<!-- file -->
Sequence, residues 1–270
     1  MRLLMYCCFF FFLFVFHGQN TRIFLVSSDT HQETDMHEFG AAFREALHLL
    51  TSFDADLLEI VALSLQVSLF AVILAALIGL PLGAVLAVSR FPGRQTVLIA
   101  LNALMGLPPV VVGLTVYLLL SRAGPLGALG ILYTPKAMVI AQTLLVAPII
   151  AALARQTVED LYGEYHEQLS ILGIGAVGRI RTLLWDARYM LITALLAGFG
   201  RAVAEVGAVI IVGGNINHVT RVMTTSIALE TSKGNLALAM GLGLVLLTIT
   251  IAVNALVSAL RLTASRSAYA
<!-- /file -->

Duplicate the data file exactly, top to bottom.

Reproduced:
Sequence, residues 1–270
     1  MRLLMYCCFF FFLFVFHGQN TRIFLVSSDT HQETDMHEFG AAFREALHLL
    51  TSFDADLLEI VALSLQVSLF AVILAALIGL PLGAVLAVSR FPGRQTVLIA
   101  LNALMGLPPV VVGLTVYLLL SRAGPLGALG ILYTPKAMVI AQTLLVAPII
   151  AALARQTVED LYGEYHEQLS ILGIGAVGRI RTLLWDARYM LITALLAGFG
   201  RAVAEVGAVI IVGGNINHVT RVMTTSIALE TSKGNLALAM GLGLVLLTIT
   251  IAVNALVSAL RLTASRSAYA